Area home sales soar on 'euphoria' 'Worst is over,' analyst reports

July 31, 1991|By Edward Gunts

Sales of new homes in the Baltimore area during the first half of 1991 rose 14 percent from the same period a year before -- largely due to the burst of sales that coincided with the national "euphoria" following the end of the Persian Gulf war.

Sales of new detached homes during the first half of 1991 rose nearly 25 percent over sales during the same period last year, and sales of town houses and condominiums each rose 8 percent, according to a study by the Legg Mason Realty Group.

The number of new homes sold during the first six months of this year exceeded the number of homes sold during the preceding nine months of 1990, according to Legg Mason's report, Housing Market Profiles.

The 10 best-selling areas during the first six months of this year were: Edgewood-Joppa; Bel Air- Fallston; Crofton; Reisterstown-Owings Mills; Ellicott City; Elkridge; Perry Hall-White Marsh; Odenton; Columbia; and Stewart Corner.

"I think the worst is over," said Robert Lefenfeld, vice president of Legg Mason Realty Group. "We don't expect sales to go down to the levels we saw in the second half of last year."

At the same time, he said, "we are realistic enough to know there was a real pop [in sales] in the first quarter of 1991, and we don't see that pace continuing" for the entire year.

"The quote-unquote euphoria in March and April probably generated a higher degree of sales in the first half, and we'll probably pay for it in the second half," he said.

Mr. Lefenfeld and his associates said the increase in sales is also a sign that local builders are modifying their homes to make them more affordable to buyers.

Many builders, they said, are shaving their profit margins, reducing the size of the homes they build, and turning once-standard features such as fireplaces and decks into options as a way to lower the base price of a house.

"It's a recognition by builders of issues of affordability," said Fritzi Kolker, a Legg Mason senior associate. "They are restructuring their communities to introduce homes at prices the public wants to pay. . . . It's a buyer's market."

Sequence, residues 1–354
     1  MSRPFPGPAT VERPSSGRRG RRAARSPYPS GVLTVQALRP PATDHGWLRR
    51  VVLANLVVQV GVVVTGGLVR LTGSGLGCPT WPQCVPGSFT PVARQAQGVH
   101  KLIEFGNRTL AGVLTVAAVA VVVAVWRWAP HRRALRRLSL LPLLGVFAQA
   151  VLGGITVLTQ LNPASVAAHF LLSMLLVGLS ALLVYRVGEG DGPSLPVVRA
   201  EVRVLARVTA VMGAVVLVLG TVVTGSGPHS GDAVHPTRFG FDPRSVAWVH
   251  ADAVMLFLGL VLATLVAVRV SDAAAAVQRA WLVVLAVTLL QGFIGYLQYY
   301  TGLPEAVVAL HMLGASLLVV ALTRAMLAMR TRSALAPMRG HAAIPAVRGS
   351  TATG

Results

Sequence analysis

Legg Mason Realty Group studies the local housing market to monitor demographic trends and other changes that affect homebuyers and builders.

Its study, produced quarterly, includes all residential properties for sale in subdivisions of 20 or more units in Baltimore and in Anne Arundel, Howard, Carroll, Baltimore and Harford counties.

According to its latest report:

* 5,703 residences were sold in the first six months of this year, up 14 percent from the 4,981 sales in the first half of last year.

* 2,366 detached homes were sold in the first half of 1991, upnearly 25 percent from the 1,897 sold during the first half of last year.

* 2,264 town houses were sold in the first half of this year, up 8 percent from the 2,091 sold in the first half of 1990.

* 1,073 condominiums were sold in the first half of 1991, up 8 percent from the 993 sold in the first half of last year.

The average price of a home sold as of July 1 was $167,864, up from the average price of $165,612 for a home sold at the same time last year.

The average price for a detached home as of July 1 was $196,888,down from a July 1, 1990, figure of $199,150.

The average price of a town house sold on July 1 was $118,750, down from the year-before figure of $121,234.

The average price of a condominium sold as of July 1 was $95,175, down from the figure of $103,325 for a condominium sold on July 1, 1990.

The reason that the average price for all homes rose this year is that more homes in the most expensive category, detached homes, were sold in 1991 than in 1990. That made the average rise even though prices in each category declined, Mr. Lefenfeld said.

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